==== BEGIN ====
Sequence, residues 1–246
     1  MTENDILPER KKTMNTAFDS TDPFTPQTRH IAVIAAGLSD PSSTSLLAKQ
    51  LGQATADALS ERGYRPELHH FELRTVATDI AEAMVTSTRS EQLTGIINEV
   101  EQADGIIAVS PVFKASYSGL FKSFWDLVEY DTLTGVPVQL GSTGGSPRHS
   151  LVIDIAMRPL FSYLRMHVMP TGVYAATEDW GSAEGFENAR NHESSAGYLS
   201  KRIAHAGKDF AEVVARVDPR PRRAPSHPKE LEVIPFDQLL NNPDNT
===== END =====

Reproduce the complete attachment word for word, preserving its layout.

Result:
Sequence, residues 1–246
     1  MTENDILPER KKTMNTAFDS TDPFTPQTRH IAVIAAGLSD PSSTSLLAKQ
    51  LGQATADALS ERGYRPELHH FELRTVATDI AEAMVTSTRS EQLTGIINEV
   101  EQADGIIAVS PVFKASYSGL FKSFWDLVEY DTLTGVPVQL GSTGGSPRHS
   151  LVIDIAMRPL FSYLRMHVMP TGVYAATEDW GSAEGFENAR NHESSAGYLS
   201  KRIAHAGKDF AEVVARVDPR PRRAPSHPKE LEVIPFDQLL NNPDNT